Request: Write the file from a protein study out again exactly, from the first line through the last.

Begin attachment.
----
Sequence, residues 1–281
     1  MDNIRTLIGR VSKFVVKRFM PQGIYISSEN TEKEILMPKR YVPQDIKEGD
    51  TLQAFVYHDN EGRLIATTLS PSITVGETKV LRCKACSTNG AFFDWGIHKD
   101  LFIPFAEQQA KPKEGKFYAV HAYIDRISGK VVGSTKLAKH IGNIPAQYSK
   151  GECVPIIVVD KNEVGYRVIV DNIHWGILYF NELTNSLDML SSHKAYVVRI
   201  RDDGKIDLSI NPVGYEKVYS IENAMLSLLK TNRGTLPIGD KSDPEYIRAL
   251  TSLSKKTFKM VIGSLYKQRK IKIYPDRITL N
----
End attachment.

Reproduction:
Sequence, residues 1–281
     1  MDNIRTLIGR VSKFVVKRFM PQGIYISSEN TEKEILMPKR YVPQDIKEGD
    51  TLQAFVYHDN EGRLIATTLS PSITVGETKV LRCKACSTNG AFFDWGIHKD
   101  LFIPFAEQQA KPKEGKFYAV HAYIDRISGK VVGSTKLAKH IGNIPAQYSK
   151  GECVPIIVVD KNEVGYRVIV DNIHWGILYF NELTNSLDML SSHKAYVVRI
   201  RDDGKIDLSI NPVGYEKVYS IENAMLSLLK TNRGTLPIGD KSDPEYIRAL
   251  TSLSKKTFKM VIGSLYKQRK IKIYPDRITL N